In the late 1990s, evidence-based research made it clear that autism was heritable and younger siblings of kids with ASD were more likely to become diagnosed themselves.
This was a tremendous breakthrough but led to further questions about how to better understand autism recurrence and features in these younger siblings and improve diagnoses and treatments. To seek answers, autism advocacy and research groups organized a group of researchers that eventually became the Baby Siblings Research Consortium (BSRC) to work collaboratively on projects that needed hundreds of families to participate and provide valuable data.
Because these younger siblings could be studied from birth, this research also allowed better insight into the very earliest signs and features of autism: lack of response to name, lack of gestures, and poor eye contact, to name a few. These signs can be observed from as early as six months of age. In 2011, the BSRC combined their data and showed that the recurrence in younger siblings of those on the spectrum was 15x that of the general population (Ozonoff et al., 2011). One in five children who had an older sibling with autism would go on to receive a diagnosis themselves.
Fast forward to 2021. Those “baby siblings” are babies no more: They are in their 20s and 30s and having babies of their own. Parents who were worried about the signs and symptoms of ASD in their children years ago are now turning their attention to their grandchildren. Of course, families are complex in many ways, and these grandparents can be in-laws, parents, and even step-grandparents. This complexity means that the approach used to understand the first generation of siblings may need to be adjusted to understand this next generation – or “Next Gen” – siblings.
In 2015, Natasha Marrus, MD, from Washington University School of Medicine investigated whether the nieces and nephews of those diagnosed with autism in the 1990s and 2000s had a greater likelihood of a diagnosis. Specifically, the question was: Are those siblings without an autism diagnosis more likely to have a child with autism themselves? To study this, her research group used a large database in Sweden and found that, in fact, yes, there was a higher recurrence rate in the nieces and nephews of those with a diagnosis. Furthermore, this recurrence was higher in children whose mother had a sibling on the spectrum compared to those who had a father with a sibling on the spectrum (Bai et al., 2020). While intriguing, these results need to be replicated and extended to better understand how different generations of a family play a role in autism diagnosis, what those early signs and features are, and what predicts a diagnosis in the “Next Gen.”
This led the Autism Science Foundation to fund the newly launched ‘Next Gen Sibs’ research project to establish a future collaborative network that will help in identification, evaluation, and possible diagnosis and intervention for this next generation. ASF is initially funding two sites – one at Emory University and one at the University of California at Los Angeles – to track down these infant siblings from the 1990s who are now thinking of having children or already have children of their own. Researchers will talk to them individually or in groups to find out their concerns, what their research questions are, and how their childhood experiences have shaped their impression of an autism diagnosis. Because siblings without an autism diagnosis may show other challenges (Messinger et al., 2013), they might also have what is known as the “broader autism phenotype” without a diagnosis, or psychiatric comorbidity like ADHD (Miller et al., 2019). Right now, there is very little research on this group, and the first step is working directly with parents and grandparents to collaborate on a research project that will help answer questions around recurrence and early signs of autism in children, grandchildren, nieces, and nephews.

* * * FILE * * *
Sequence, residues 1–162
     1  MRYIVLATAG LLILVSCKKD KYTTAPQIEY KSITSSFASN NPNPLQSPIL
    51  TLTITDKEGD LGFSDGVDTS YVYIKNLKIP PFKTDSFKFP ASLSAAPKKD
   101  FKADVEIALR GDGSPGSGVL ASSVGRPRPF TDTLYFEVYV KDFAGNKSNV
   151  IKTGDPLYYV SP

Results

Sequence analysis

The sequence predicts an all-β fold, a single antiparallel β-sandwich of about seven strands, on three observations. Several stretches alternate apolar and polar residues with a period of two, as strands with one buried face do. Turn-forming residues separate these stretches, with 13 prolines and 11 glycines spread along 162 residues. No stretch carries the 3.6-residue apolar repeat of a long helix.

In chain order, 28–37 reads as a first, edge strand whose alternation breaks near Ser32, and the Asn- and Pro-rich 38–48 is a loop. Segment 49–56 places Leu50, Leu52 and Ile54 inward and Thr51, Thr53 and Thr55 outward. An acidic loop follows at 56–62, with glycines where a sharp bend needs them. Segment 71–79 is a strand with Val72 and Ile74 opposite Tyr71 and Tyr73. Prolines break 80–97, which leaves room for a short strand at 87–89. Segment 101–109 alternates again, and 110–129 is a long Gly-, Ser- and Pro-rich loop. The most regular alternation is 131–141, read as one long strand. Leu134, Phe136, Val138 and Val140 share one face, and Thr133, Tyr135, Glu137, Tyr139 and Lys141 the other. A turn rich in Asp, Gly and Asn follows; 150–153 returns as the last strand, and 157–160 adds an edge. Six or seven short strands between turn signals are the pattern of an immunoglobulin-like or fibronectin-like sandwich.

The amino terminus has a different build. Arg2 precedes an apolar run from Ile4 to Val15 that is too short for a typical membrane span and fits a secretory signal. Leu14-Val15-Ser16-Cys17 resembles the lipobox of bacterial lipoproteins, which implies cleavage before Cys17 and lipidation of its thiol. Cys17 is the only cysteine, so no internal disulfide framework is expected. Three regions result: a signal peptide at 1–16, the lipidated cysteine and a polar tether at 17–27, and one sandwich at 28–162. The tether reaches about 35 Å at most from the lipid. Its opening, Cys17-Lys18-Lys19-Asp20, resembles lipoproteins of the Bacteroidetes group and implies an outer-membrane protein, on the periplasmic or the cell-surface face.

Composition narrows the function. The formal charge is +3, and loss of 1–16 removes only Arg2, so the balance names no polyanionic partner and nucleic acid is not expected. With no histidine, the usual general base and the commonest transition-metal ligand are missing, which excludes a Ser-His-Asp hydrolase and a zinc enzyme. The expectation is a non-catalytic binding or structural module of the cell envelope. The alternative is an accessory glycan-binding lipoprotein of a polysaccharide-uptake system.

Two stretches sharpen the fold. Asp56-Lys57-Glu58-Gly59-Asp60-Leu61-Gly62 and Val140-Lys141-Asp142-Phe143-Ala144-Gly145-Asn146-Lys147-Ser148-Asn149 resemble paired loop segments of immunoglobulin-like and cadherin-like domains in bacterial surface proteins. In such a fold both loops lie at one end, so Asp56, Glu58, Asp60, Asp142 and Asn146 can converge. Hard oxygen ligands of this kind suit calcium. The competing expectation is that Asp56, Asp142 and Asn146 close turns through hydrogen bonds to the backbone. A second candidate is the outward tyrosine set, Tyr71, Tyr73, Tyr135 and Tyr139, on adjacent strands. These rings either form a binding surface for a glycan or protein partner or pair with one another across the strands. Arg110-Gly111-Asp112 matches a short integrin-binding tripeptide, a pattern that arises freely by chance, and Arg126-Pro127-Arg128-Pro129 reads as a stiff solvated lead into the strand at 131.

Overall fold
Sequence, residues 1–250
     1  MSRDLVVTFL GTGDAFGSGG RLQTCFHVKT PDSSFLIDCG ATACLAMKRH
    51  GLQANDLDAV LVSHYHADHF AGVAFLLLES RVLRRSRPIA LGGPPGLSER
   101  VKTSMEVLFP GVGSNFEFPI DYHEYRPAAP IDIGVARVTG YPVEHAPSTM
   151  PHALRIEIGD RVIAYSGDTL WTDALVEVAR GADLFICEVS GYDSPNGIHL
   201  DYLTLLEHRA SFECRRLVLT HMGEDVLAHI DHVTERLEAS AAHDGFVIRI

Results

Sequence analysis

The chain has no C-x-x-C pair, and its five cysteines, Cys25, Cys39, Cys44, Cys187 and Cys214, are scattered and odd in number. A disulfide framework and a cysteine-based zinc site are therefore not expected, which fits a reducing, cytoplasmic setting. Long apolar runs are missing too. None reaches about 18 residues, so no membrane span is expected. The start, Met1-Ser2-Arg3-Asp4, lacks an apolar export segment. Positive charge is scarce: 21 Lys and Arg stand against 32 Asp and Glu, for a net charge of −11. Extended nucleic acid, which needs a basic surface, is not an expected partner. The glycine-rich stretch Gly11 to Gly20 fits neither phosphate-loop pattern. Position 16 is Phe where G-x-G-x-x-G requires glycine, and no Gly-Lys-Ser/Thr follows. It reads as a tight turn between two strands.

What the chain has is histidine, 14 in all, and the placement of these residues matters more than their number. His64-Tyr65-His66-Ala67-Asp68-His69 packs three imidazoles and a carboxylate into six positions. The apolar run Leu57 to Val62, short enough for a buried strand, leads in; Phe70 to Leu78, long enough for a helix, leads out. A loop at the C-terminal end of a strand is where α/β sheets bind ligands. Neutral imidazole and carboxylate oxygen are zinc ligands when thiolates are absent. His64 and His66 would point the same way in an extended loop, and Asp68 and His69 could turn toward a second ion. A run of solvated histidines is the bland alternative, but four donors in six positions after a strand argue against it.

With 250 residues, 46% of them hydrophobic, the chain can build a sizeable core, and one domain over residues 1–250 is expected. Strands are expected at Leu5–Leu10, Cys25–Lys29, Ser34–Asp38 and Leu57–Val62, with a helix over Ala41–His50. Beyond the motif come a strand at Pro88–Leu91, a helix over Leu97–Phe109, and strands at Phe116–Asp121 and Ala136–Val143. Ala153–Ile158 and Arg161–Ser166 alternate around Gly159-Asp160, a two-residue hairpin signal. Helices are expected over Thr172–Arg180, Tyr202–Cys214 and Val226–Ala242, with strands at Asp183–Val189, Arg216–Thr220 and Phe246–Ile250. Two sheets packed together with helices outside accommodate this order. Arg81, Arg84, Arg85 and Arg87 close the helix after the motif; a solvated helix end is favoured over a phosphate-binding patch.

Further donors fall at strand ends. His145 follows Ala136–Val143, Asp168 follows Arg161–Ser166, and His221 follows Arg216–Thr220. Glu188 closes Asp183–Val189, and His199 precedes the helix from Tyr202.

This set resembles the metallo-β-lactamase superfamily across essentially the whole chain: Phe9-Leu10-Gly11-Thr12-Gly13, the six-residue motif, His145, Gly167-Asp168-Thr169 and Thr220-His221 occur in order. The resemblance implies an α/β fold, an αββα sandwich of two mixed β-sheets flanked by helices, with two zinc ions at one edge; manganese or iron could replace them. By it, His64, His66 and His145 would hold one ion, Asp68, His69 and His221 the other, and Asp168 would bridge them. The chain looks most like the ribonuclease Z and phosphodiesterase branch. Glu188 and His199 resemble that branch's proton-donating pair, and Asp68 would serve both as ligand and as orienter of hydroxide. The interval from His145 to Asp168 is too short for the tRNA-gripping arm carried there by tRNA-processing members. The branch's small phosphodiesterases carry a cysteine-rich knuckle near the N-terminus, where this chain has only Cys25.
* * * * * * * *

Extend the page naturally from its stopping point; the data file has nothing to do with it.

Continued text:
This research is aimed at identifying these children as early as birth to better understand their early signs of ASD for better detection, diagnosis, and facilitation into specific intervention settings.
Dr. Alyicia Halladay is the Chief Science Officer at the Autism Science Foundation. If you are a parent of an autistic adult and sibling older than 18, a sibling yourself, or married to a sibling of someone with ASD and are interested in sharing your thoughts and ideas on this research question, please contact Dr. Halladay at firstname.lastname@example.org.
Bai, D., Marrus, N., Yip, B.H.K, Reichenberg, A., Constantino, J.N and Sandin, S. (2020) Inherited risk for autism through maternal and paternal lineage. Biological Psychiatry, 88(6): 480-487.
Messinger, D., Young, GS., Ozonoff, S., Dobkins, K., Carger A., Zwaigenbaum, L., Landa RJ., Charman T., Stone, WL, Constantino, JN, Hutman T., Carver, LJ, Bryson S., Iverson, JM., Strauss MS., Rogers, SJ. and Sigman M. (2013). Beyond Autism: A Baby Siblings Research Consortium Study of High-Risk Children at Three Years of Age. Journal of the Amercian Academy of Child and Adolescent Psychiatry, 52(3) 300-308.
Miller, M., Musser, ED, Young GS, Olson, B., Steiner, R and Nigg, JT (2019) Sibling Recurrence Risk and Cross-aggregation of Attention-Deficit/Hyperactivity Disorder and Autism Spectrum Disorder. JAMA Pediatrics, 173(2): 147-152.
Ozonoff, S., Young, GS., Carter, A., Messinger, D., Yirmiya, N., Zwaigenbaum, L., Bryson, S., Carver, LJ., Constantino, J, Hutman, T., Dobkins, K., Iverson, JM, Landa, R., Rogers, SJ, Sigman, M. and Stone WL. (2011) Recurrence Risk for Autism Spectrum Disorders: A Baby Siblings Research Consortium Study. Pediatrics, 128(3): e488-e495.